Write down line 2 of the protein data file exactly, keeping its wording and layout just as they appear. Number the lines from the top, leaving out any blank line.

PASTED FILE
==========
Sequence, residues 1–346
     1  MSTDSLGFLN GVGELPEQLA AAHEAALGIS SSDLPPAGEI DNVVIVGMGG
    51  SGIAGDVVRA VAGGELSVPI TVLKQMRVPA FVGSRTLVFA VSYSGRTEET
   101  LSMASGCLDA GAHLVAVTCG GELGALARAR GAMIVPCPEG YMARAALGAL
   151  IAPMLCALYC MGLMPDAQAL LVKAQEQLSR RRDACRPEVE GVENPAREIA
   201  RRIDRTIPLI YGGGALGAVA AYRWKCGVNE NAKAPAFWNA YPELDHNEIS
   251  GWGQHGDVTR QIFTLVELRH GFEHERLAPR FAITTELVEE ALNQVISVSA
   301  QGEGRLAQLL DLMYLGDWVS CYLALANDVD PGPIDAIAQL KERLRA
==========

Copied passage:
     1  MSTDSLGFLN GVGELPEQLA AAHEAALGIS SSDLPPAGEI DNVVIVGMGG